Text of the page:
Ogulin Jewish Cemetery
Ogulin is a town in northwestern Croatia, in the Karlovac County. Romans came to the region between 35-33 BC and ruled until the 4th century AD. Croats came to the area in the 7th century and built a few settlements. Ogulin was first mentioned in the 13th century. During the wars against the Ottoman army, a fortress was built. The Ogulin fortress played an important role during the years of struggles against the Ottomans during the 15th-16th centuries.
The economic development of Ogulin began in the 19th century after the opening of a railway station. It was famous as a center of wood industry and textile producing. In 1910, there were 5,362 inhabitants, most Croatian. Jews settled in the town during the 19th century. The Jewish population of Ogulin was small; there were 60 Jews there in 1921 and only 24 in 1931. The local Jews belonged to the Jewish community of Karlovac. The Jewish population was deported to concentration camps during the Second World War. After the war, the community was not restored to its former population numbers, only 25 Jews lived in Ogulin in 1968.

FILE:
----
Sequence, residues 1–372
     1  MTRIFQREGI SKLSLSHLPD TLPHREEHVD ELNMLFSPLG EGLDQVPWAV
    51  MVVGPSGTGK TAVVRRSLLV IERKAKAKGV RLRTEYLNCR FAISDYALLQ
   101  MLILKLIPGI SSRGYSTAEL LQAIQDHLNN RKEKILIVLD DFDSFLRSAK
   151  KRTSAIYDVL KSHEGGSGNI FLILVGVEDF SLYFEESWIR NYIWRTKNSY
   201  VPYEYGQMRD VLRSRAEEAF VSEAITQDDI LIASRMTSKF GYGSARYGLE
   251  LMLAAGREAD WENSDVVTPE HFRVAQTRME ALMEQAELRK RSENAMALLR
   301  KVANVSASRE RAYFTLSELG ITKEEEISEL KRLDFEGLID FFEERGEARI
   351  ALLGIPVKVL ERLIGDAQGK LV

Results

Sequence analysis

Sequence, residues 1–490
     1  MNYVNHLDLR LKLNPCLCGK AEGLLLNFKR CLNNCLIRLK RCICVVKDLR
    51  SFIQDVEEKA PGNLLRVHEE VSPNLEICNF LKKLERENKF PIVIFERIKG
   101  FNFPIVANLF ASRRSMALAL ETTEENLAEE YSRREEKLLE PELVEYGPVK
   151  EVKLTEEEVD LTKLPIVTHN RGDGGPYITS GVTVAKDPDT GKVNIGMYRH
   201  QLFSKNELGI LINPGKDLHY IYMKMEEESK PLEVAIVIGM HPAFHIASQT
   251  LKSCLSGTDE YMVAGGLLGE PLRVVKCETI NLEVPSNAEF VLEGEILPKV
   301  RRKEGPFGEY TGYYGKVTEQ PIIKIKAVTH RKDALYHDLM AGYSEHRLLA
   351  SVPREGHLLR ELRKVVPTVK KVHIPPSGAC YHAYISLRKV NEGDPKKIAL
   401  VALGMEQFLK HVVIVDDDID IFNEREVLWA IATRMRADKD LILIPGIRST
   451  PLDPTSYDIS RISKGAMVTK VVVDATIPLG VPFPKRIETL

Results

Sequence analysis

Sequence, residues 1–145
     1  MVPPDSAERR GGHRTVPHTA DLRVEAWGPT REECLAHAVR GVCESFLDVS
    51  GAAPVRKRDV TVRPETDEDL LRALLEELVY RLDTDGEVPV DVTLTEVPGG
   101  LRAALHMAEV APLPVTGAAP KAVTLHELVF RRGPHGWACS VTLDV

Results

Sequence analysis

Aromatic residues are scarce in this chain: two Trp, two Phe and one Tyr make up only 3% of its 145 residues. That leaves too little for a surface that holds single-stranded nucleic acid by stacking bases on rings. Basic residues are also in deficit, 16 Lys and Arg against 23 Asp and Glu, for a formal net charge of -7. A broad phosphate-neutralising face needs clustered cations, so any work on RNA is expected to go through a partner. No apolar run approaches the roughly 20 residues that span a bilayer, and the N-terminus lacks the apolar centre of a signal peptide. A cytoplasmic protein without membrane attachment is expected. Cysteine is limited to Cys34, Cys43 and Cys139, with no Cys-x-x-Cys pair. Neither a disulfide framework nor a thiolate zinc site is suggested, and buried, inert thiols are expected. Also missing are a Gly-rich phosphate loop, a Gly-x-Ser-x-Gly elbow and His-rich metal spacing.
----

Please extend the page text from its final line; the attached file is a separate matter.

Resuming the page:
One of the most famous Jews born in Ogulin was Vladimir Goldner (1933-2017), a physician, academic and professor in the School of Medicine at the University of Zagreb. Goldner mentored ten master theses and doctoral dissertations and supervised ten completed research projects. He was a member of the Croatian Academy of Sciences and Arts, the European Society of Cardiology and the North American Society of Pacing and Electrophysiology. The Jewish cemetery of the town was established in 1880 as a private cemetery. It exists nowadays with only a few graves remaining. The oldest tombstone dates back to 1889 and the latest to 2016.